: News

Filed Under:

MoCo Firefighters Fight Ambulance Fees

Play associated audio

Later today, fire chiefs from across the D.C. region will gather to support ambulance user fees in Maryland's Montgomery County.

Voters in Montgomery County will decide at the polls next month whether the fees will be implemented. Montgomery County is the lone jurisdiction in the area that does not charge the fees. County Fire Chief Richard Bowers says county residents would not even be charged them.

"It's not a bill. It's not a tax, or it's not a fee to any county resident. It is revenue that is already paid for by the insurance companies. Generally in everyone's premium that they have already paid for," Bowers says.

Volunteer firefighters in Montgomery have fought the fees at every turn, and were successful in getting the measure on the ballot before voters. They believe people will be less likely to call 9-1-1 for an ambulance because they might have to pay for riding in one.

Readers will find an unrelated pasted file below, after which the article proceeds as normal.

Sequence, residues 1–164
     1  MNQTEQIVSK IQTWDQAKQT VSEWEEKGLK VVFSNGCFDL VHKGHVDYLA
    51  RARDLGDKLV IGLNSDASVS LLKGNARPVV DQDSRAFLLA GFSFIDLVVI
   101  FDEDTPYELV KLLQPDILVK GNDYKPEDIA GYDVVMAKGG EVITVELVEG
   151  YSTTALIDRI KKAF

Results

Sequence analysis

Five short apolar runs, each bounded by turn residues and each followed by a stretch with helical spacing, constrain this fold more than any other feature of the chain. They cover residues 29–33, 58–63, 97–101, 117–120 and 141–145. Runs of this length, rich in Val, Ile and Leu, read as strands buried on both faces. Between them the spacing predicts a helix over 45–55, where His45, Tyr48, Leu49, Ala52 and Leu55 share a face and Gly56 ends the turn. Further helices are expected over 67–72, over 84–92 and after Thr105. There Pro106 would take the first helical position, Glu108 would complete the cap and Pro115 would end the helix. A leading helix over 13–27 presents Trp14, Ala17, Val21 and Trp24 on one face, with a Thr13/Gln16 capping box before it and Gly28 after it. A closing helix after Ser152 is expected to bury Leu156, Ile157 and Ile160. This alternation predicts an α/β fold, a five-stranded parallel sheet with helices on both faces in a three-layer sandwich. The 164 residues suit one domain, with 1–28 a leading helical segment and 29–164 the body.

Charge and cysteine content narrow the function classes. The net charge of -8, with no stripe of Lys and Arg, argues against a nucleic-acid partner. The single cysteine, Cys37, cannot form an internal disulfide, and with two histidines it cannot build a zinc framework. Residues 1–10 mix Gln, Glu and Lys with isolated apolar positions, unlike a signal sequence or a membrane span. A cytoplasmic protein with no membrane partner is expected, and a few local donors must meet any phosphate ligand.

If voters reject the fees, County Executive Isiah Leggett has proposed $14 million in budget cuts that include layoffs of firefighters. Opponents say Leggett's proposal is political and designed to scare voters into voting for the fees.

NPR

In Pakistan, Literary Spring Is Both Renaissance And Resistance

For the past decade Pakistan has faced war, political instability and the rise of religious extremism. But those crises have fueled a new generation of Pakistani writers and artists.
NPR

Behold Ukrainian Easter Art: Incredible, Inedible Eggs

Even 2,000 years ago, people seemed to know that the egg could be a source of life. And an ancient art form has been passed down, transforming a symbolic source of food into a dazzling decoration.
NPR

Obama's Tax Rate Rose — And He Can't Blame Anyone But Himself

President Obama, like many wealthy Americans, is paying more of his income to the IRS. He and the first lady paid $98,169 in taxes for 2013 on income of $481,098.
NPR

Between Heartbleed And Homeland, NSA Treads Cybersecurity Gray Area

Amid controversy over the Heartbleed security bug, the White House clarified how U.S. intelligence agencies must handle such bugs. Bloomberg Businessweek cybersecurity reporter Michael Riley explains.

Leave a Comment

Help keep the conversation civil. Please refer to our Terms of Use and Code of Conduct before posting your comments.